The Metallic Starling is also known as the Shining Starling. It is native to New Guinea and the Australasian islands and northeastern Australia.
Male adult Metallic Starlings have a glossy green-black plumage that is iridescent. They have a long tail and red eyes. Females and immatures Metallic Starling have a dark streaked whitish body with dark wings and head.
Mousebirds, or colies, are African birds that got their name because their hopping movements combined with their grey coloring is mouse-like. There are six species of mousebirds in a family (Coliidae) and order (Coliiformes) all by themselves. These unique birds are about the size of a cockatiel with long, stiff, pointed tails and small head crests that can be raised at will. Their plumage is very soft, and their feet quite large.
Peacocks are large, colorful pheasants (typically blue and green) known for their iridescent tails. These tail feathers, or coverts, spread out in a distinctive train that is more than 60 percent of the bird’s total body length and boast colorful “eye” markings of blue, gold, red, and other hues.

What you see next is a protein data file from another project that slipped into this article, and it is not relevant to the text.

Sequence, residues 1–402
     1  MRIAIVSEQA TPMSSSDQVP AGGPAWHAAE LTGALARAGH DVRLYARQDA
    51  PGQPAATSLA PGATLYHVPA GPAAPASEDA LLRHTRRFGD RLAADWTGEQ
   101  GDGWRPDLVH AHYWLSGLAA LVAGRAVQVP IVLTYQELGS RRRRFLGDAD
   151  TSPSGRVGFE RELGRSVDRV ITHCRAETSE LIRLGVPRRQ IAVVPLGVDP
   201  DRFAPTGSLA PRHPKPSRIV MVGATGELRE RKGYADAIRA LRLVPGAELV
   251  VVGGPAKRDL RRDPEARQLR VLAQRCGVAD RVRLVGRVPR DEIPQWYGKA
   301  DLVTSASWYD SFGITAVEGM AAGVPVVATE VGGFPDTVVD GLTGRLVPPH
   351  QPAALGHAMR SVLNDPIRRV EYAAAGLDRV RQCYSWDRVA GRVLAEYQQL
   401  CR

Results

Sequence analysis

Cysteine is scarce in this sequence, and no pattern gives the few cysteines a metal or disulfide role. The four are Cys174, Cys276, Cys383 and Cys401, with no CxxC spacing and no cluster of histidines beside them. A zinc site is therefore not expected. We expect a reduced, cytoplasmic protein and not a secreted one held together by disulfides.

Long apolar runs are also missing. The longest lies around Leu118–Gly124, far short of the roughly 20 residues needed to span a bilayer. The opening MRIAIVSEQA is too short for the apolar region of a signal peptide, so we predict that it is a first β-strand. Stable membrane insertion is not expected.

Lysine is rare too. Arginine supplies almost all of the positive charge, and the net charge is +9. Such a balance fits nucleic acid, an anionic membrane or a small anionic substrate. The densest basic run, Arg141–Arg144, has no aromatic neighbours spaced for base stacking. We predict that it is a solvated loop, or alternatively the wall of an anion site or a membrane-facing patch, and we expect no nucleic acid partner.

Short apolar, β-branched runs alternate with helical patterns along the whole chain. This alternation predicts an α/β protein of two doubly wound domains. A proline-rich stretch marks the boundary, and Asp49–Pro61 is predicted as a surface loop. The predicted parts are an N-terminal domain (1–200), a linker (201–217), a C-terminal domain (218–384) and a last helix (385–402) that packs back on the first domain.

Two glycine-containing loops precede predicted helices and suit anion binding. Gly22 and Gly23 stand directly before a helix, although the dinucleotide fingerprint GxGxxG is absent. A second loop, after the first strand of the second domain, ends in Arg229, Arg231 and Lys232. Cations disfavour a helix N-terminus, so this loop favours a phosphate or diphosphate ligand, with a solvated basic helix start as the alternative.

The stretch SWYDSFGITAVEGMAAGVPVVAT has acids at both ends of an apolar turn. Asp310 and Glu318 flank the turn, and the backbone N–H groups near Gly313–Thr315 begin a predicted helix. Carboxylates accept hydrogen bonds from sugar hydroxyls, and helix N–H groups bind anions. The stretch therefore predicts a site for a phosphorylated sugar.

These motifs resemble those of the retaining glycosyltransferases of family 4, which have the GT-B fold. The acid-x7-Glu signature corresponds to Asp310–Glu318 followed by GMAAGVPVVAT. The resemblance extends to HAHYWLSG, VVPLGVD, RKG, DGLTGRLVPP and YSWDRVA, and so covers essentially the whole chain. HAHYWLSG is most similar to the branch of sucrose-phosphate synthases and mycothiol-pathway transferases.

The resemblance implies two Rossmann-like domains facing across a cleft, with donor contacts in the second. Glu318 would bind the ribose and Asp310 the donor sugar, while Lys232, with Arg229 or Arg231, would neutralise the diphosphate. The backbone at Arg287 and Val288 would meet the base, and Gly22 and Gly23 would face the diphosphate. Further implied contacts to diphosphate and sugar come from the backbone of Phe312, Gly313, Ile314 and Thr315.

The term “peacock” is commonly used to refer to birds of both sexes. Technically, only males are peacocks. Females are peahens, and together, they are called peafowl.
The spectacularly bizarre Andean Cock-of-the-rock is perhaps the most popularly recognized bird of the cloud forests of the Andes Mountains. The national bird of Peru, this species is readily identified by its fan-shaped crest and brilliant orange plumage, both of which are evident to a lesser degree even in the duller female. Males spend much of their time displaying at leks, where they jump up and down on particular branches and utter low, guttural croaks. The name is derived from their preference for rocks and ledges as substrates for their mud cup nests.